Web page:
Thanks in part to campaigns by Bhumjaithai, in December 2018, Thailand became the first nation in Asia to legalise the use of cannabis for medical treatment and research. In a country that relies on medical tourism and is surrounded by nations with draconian drug laws, the implications of this act are vast.
But for Nan Chidchob, they provided the impetus for launching Southeast Asia’s first weed festival. The three-day festival was held earlier this year and aimed to promote awareness and understanding of a plant that has been demonised by successive Thai governments.
If you look at yield per square metre, and compare cannabis to rice, it’s exponentially more lucrative. And best of all, there are some hill tribes near Buriram who are certified to grow hemp, so it’s within our culture’s knowledge
— Chidchanok Chidchob
“It was incredible,” she says. “We did it over three stages: reggae, hip hop and mellow music, and it was a full-on 24-hour thing. I didn’t want to just educate people about what medicinal drug use is—I wanted to show them the reality of the culture within the weed community. It had such an amazing atmosphere. There were no problems, no violence, nothing. Mostly because everyone was a stoner.”
Organising the event took some planning. As marijuana usage is only legal for medical reasons, they set up a medicinal card registration and coordinated with local government, and people came in with note from their doctor. “In the end, we registered about 6,400 people,” she says. “My expectations were totally surpassed: I thought it would mostly be my generation but loads of the older generation came and they were really interesting, as they grew up with it before it became illegal.”
The more time she spent with that age group, the more Chidchob realised that marijuana had been an integral part of Thai culture for centuries, and the draconian drug laws of the last 40 years have only temporarily hidden a rich culture that lay beneath them.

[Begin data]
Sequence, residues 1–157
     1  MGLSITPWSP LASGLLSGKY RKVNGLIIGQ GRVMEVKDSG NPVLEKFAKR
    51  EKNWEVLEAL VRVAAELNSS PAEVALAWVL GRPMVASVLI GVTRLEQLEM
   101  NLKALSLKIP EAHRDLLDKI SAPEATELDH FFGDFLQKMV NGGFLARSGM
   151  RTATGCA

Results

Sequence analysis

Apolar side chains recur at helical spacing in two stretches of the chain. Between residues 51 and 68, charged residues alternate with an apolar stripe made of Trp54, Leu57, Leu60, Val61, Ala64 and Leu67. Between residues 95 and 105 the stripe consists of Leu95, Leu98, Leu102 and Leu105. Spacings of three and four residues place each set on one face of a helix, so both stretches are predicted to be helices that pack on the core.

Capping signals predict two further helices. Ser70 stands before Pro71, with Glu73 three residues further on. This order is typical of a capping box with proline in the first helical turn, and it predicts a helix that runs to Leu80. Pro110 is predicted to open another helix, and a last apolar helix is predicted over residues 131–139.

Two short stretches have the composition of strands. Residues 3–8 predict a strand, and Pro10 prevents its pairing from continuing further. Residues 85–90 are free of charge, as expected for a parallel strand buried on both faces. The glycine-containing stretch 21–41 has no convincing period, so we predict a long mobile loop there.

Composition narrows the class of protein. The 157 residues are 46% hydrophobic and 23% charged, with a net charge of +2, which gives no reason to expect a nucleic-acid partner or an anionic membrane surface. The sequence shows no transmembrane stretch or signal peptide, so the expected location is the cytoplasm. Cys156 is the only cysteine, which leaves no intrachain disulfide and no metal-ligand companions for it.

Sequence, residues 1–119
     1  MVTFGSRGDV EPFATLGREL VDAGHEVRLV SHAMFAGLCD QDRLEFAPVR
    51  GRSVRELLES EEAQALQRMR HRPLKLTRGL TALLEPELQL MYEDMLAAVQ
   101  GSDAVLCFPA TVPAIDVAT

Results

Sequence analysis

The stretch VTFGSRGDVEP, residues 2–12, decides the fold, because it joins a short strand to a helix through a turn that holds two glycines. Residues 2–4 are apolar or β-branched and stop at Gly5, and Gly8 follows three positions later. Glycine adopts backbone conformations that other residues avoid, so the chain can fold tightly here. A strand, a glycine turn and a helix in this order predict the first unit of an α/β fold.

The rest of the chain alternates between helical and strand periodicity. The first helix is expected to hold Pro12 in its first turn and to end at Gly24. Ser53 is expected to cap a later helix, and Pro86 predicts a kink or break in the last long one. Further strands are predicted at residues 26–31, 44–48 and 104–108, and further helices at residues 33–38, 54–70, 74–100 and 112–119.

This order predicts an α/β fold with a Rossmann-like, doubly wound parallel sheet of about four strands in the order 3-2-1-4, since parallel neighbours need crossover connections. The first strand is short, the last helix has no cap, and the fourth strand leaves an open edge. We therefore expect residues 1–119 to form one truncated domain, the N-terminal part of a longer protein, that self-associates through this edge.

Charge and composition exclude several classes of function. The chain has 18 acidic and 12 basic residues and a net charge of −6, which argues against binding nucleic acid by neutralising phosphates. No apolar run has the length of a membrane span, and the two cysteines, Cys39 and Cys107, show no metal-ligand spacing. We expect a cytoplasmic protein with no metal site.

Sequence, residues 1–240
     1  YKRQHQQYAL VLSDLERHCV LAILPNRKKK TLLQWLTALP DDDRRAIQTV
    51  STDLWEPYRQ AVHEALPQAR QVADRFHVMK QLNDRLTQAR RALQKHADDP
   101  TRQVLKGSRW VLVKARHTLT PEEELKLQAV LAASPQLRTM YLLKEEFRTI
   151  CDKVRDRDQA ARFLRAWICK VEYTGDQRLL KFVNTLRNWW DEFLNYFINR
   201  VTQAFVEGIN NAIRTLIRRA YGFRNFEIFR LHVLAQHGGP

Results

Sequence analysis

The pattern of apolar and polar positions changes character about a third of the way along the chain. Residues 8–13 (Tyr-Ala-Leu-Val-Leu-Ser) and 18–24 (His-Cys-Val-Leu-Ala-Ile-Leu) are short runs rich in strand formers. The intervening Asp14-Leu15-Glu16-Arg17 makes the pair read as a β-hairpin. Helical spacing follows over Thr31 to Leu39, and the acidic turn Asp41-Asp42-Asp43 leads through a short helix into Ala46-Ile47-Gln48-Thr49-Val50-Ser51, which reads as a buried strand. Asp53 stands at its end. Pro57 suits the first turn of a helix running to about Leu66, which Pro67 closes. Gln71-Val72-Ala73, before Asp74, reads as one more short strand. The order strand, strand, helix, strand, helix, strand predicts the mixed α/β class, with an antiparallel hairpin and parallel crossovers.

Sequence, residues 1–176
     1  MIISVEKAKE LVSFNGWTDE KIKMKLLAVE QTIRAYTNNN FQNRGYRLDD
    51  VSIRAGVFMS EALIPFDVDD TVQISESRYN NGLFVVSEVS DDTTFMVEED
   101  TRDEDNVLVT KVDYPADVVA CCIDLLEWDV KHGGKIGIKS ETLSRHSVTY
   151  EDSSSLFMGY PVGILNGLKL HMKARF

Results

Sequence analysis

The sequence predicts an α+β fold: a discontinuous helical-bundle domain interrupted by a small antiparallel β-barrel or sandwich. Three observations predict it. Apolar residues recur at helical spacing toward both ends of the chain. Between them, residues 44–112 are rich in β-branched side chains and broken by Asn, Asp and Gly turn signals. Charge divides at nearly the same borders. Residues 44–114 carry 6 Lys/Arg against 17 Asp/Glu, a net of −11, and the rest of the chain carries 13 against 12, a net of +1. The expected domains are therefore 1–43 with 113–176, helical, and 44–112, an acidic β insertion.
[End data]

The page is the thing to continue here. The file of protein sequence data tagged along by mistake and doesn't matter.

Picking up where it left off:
“I don’t think young people are as aware of this as they should be,” she explains. “Thai stick has been famous for quite some time, and marijuana was legally sold at pharmacies here until late ’70s. It’s really embedded within our culture, and you can trace it back to all our reigning families of the past: think royals with marijuana-filled medicine cabinets and cannabis tea sets, and murals on the palace on the walls celebrating the marijuana plant. I’ve even found all these old paintings of monkeys smoking bongs.”
And while her day job will remain running the marketing for the football club her family owns, Chidchob’s passion clearly lies with helping farmers to benefit economically, those who are pain to benefit medically and everyone else to benefit recreationally from the full legalisation of marijuana.
“In a decade, I really hope that anyone will be free to use the drug and that we’ll be able to export it round the world,” she says. “It’s important to remember that the law isn’t always right, and just because something is legal or illegal, doesn’t mean we necessarily have to use that as a way of judging its moral worth. Sometimes the law is wrong, and that’s when we need to step in and fight to change it.”